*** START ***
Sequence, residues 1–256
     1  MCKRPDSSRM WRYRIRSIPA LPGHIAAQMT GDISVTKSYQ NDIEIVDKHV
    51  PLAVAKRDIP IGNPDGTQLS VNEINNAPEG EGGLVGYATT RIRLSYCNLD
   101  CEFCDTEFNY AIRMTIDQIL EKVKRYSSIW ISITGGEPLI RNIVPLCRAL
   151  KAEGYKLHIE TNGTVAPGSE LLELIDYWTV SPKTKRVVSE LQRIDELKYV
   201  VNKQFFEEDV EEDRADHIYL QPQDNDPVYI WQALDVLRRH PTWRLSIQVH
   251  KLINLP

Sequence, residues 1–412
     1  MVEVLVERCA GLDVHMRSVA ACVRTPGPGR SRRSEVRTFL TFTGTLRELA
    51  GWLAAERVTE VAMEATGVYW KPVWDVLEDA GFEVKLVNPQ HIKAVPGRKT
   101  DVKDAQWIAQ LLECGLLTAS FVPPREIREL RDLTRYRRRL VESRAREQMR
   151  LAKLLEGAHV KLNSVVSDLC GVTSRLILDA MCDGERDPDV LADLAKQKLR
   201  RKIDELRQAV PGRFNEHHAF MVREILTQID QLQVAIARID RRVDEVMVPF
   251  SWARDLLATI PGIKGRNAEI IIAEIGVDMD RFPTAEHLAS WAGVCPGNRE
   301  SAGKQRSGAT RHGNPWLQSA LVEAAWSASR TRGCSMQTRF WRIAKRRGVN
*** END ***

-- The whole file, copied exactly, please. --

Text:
Sequence, residues 1–256
     1  MCKRPDSSRM WRYRIRSIPA LPGHIAAQMT GDISVTKSYQ NDIEIVDKHV
    51  PLAVAKRDIP IGNPDGTQLS VNEINNAPEG EGGLVGYATT RIRLSYCNLD
   101  CEFCDTEFNY AIRMTIDQIL EKVKRYSSIW ISITGGEPLI RNIVPLCRAL
   151  KAEGYKLHIE TNGTVAPGSE LLELIDYWTV SPKTKRVVSE LQRIDELKYV
   201  VNKQFFEEDV EEDRADHIYL QPQDNDPVYI WQALDVLRRH PTWRLSIQVH
   251  KLINLP

Sequence, residues 1–412
     1  MVEVLVERCA GLDVHMRSVA ACVRTPGPGR SRRSEVRTFL TFTGTLRELA
    51  GWLAAERVTE VAMEATGVYW KPVWDVLEDA GFEVKLVNPQ HIKAVPGRKT
   101  DVKDAQWIAQ LLECGLLTAS FVPPREIREL RDLTRYRRRL VESRAREQMR
   151  LAKLLEGAHV KLNSVVSDLC GVTSRLILDA MCDGERDPDV LADLAKQKLR
   201  RKIDELRQAV PGRFNEHHAF MVREILTQID QLQVAIARID RRVDEVMVPF
   251  SWARDLLATI PGIKGRNAEI IIAEIGVDMD RFPTAEHLAS WAGVCPGNRE
   301  SAGKQRSGAT RHGNPWLQSA LVEAAWSASR TRGCSMQTRF WRIAKRRGVN